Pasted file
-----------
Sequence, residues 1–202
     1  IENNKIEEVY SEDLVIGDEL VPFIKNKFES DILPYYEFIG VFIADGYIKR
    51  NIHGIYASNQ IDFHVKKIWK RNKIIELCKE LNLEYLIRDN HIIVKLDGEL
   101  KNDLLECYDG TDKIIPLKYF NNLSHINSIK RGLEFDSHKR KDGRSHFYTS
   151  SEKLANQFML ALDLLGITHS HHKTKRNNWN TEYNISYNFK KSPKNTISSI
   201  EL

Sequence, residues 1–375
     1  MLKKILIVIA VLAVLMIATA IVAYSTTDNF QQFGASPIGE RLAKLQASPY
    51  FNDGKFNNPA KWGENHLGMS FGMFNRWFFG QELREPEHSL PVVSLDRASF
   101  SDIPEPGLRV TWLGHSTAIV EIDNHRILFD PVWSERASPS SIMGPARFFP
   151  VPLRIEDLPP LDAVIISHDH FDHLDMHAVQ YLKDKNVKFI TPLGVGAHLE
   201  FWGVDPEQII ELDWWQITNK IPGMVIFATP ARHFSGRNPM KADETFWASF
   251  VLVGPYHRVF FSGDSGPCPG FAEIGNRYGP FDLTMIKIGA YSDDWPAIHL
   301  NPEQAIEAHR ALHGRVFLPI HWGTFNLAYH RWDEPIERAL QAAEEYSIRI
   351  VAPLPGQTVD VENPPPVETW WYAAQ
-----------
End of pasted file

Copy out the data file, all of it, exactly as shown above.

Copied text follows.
Sequence, residues 1–202
     1  IENNKIEEVY SEDLVIGDEL VPFIKNKFES DILPYYEFIG VFIADGYIKR
    51  NIHGIYASNQ IDFHVKKIWK RNKIIELCKE LNLEYLIRDN HIIVKLDGEL
   101  KNDLLECYDG TDKIIPLKYF NNLSHINSIK RGLEFDSHKR KDGRSHFYTS
   151  SEKLANQFML ALDLLGITHS HHKTKRNNWN TEYNISYNFK KSPKNTISSI
   201  EL

Sequence, residues 1–375
     1  MLKKILIVIA VLAVLMIATA IVAYSTTDNF QQFGASPIGE RLAKLQASPY
    51  FNDGKFNNPA KWGENHLGMS FGMFNRWFFG QELREPEHSL PVVSLDRASF
   101  SDIPEPGLRV TWLGHSTAIV EIDNHRILFD PVWSERASPS SIMGPARFFP
   151  VPLRIEDLPP LDAVIISHDH FDHLDMHAVQ YLKDKNVKFI TPLGVGAHLE
   201  FWGVDPEQII ELDWWQITNK IPGMVIFATP ARHFSGRNPM KADETFWASF
   251  VLVGPYHRVF FSGDSGPCPG FAEIGNRYGP FDLTMIKIGA YSDDWPAIHL
   301  NPEQAIEAHR ALHGRVFLPI HWGTFNLAYH RWDEPIERAL QAAEEYSIRI
   351  VAPLPGQTVD VENPPPVETW WYAAQ